40 Years of Saul Bass’ Groundbreaking Title Sequences in One Compilation

A good title sequence tells you every­thing you need to know about the world of a movie. As it unspools the cred­its for a giv­en film, it can also con­vey the movie’s mood, its sense of place, its story’s theme and even a few of its plot points. Saul Bass invent­ed the mod­ern title sequence with Otto Preminger’s The Man with the Gold­en Arm (1955). Con­sist­ing large­ly of mov­ing white rec­tan­gles on a black back­ground set to a jazzy score, the piece feels like a Blue Note record cov­er come to life – per­fect for a grit­ty tale about hero­in addic­tion. The open­ing was so strik­ing that Hol­ly­wood took note and soon title sequences became the rage, espe­cial­ly ones made by Bass.

Above you can watch a long com­pi­la­tion of Saul Bass titles, start­ing with Man with the Gold­en Arm and end­ing with Mar­tin Scorsese’s Casi­no (1995). Along the way, the mon­tage illus­trates the evo­lu­tion of style over the course of those 40 years, show­ing how titles grew in ambi­tion and sophis­ti­ca­tion. You can see titles for some great films from the yawn­ing spi­ral in Ver­ti­go to the mono­chrome crum­bling busts in Stan­ley Kubrick’s Spar­ta­cus to the abstract shots of neon in Casi­no.

But to real­ly get a sense of Bass’s tal­ents, look to some of the less famous movies he worked on. For Carl Forman’s The Vic­tors (1963), a bleak, big-bud­get anti-war flick, Bass com­pressed Euro­pean his­to­ry from the end of WWI to the dev­as­ta­tion of WWII into one mas­ter­ful mon­tage. At one point, still pho­tos of Hitler giv­ing a speech flash across the screen, each shot pushed clos­er in on his mouth than the last, before the sequence cul­mi­nates in a series of explo­sions. It’s one of the most con­cise and elo­quent retellings of his­to­ry in cin­e­ma. And for the zany com­e­dy Not with My Wife, You Don’t!, Bass cre­at­ed an ani­mat­ed green-eyed mon­ster of jeal­ousy play­ing a vio­lin. Say what you will about con­tem­po­rary movies, but there are def­i­nite­ly not enough car­toon green-eyed mon­sters of jeal­ousy these days.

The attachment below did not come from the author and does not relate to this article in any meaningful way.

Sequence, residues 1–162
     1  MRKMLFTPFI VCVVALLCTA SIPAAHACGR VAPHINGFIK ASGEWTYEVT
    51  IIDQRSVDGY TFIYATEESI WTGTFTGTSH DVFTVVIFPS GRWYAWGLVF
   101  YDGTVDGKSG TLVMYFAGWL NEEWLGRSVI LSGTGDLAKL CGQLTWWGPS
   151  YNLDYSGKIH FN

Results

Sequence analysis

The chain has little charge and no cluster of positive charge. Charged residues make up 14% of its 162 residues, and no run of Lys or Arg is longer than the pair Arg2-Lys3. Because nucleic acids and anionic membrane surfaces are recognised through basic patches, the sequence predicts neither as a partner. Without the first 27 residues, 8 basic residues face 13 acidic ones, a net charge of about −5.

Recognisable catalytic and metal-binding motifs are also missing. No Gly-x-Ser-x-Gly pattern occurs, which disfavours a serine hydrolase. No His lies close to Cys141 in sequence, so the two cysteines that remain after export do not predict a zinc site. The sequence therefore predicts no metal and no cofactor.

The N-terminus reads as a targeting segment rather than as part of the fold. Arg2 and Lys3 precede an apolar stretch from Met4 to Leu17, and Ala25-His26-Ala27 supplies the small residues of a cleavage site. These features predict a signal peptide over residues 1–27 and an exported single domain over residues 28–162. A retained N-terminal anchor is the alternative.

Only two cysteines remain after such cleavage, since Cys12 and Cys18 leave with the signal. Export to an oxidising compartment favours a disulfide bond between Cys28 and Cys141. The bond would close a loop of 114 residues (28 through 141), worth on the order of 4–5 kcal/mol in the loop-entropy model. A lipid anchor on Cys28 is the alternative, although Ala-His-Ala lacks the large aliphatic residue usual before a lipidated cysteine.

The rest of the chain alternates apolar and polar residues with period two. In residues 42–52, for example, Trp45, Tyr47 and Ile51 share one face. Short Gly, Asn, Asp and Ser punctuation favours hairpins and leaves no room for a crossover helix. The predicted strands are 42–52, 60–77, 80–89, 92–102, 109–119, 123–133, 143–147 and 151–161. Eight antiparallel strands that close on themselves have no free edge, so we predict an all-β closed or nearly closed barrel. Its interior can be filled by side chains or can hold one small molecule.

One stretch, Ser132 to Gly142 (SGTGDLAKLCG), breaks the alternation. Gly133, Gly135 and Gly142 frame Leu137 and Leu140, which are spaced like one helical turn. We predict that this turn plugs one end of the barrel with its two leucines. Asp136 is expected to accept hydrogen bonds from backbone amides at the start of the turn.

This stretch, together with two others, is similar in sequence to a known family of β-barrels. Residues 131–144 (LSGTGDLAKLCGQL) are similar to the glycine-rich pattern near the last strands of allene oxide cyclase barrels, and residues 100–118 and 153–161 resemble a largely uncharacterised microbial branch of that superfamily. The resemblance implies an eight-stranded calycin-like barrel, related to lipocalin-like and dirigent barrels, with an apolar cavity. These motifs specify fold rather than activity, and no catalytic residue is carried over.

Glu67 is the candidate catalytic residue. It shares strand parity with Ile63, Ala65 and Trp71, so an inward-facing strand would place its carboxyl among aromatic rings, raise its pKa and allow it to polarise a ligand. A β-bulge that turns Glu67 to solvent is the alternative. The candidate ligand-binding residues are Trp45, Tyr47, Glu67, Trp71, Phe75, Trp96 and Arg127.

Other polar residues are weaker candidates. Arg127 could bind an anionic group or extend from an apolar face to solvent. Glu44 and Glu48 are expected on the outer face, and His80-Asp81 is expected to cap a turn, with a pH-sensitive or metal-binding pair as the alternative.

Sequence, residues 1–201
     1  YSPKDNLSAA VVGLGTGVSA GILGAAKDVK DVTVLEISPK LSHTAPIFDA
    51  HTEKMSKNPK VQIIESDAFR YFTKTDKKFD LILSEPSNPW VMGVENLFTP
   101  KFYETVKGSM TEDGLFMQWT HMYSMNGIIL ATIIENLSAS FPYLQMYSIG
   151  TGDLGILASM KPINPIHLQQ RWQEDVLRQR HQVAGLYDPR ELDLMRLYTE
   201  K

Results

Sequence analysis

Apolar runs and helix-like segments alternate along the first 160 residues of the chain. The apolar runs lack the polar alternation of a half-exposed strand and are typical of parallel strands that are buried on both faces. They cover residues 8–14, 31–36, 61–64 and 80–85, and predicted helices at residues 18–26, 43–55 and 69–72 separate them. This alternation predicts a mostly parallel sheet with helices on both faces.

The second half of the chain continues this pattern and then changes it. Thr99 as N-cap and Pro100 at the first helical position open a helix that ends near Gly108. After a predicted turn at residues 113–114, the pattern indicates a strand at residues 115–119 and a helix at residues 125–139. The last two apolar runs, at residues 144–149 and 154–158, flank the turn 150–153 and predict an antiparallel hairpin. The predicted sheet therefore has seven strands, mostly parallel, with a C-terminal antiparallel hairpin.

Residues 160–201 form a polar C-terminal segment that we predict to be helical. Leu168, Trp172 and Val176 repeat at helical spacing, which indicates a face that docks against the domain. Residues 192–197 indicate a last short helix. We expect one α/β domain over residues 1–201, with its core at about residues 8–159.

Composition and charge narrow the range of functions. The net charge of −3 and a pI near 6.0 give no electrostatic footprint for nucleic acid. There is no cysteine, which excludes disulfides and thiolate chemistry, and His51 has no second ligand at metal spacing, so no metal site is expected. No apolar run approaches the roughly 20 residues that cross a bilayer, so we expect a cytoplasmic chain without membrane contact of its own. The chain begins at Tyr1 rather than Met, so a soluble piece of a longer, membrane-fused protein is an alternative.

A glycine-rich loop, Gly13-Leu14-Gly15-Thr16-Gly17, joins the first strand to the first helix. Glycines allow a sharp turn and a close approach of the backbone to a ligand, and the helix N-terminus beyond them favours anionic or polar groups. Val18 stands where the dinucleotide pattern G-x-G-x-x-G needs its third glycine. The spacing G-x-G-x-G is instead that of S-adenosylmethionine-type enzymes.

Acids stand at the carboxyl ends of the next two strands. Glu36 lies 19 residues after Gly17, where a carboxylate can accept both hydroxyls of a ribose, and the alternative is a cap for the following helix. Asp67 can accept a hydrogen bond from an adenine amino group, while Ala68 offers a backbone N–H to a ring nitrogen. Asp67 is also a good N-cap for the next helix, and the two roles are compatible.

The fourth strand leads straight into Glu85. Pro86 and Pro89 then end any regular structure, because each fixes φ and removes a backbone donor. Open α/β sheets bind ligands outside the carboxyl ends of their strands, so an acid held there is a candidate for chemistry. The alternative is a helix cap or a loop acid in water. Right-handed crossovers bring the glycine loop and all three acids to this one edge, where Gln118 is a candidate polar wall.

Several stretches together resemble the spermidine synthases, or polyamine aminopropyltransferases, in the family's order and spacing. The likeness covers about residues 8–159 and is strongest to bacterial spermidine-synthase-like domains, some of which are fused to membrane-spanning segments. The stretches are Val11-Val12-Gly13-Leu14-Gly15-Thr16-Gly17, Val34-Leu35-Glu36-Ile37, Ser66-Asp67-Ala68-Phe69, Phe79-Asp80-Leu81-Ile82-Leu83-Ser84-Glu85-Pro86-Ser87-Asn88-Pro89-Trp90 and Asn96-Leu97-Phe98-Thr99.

Relat­ed Con­tent:

Saul Bass’ Vivid Sto­ry­boards for Kubrick’s Spar­ta­cus (1960)

Who Cre­at­ed the Famous Show­er Scene in Psy­cho? Alfred Hitch­cock or the Leg­endary Design­er Saul Bass?

Saul Bass’ Oscar-Win­ning Ani­mat­ed Short Pon­ders Why Man Cre­ates

Jonathan Crow is a Los Ange­les-based writer and film­mak­er whose work has appeared in Yahoo!, The Hol­ly­wood Reporter, and oth­er pub­li­ca­tions. You can fol­low him at @jonccrow. And check out his blog Veep­to­pus, fea­tur­ing lots of pic­tures of bad­gers and even more pic­tures of vice pres­i­dents with octo­pus­es on their heads.  The Veep­to­pus store is here.

by | Permalink | Comments (1) |

Sup­port Open Cul­ture

We’re hop­ing to rely on our loy­al read­ers rather than errat­ic ads. To sup­port Open Cul­ture’s edu­ca­tion­al mis­sion, please con­sid­er mak­ing a dona­tion. We accept Pay­Pal, Ven­mo (@openculture), Patre­on and Cryp­to! Please find all options here. We thank you!

Leave a Reply

Open Culture was founded by Dan Colman.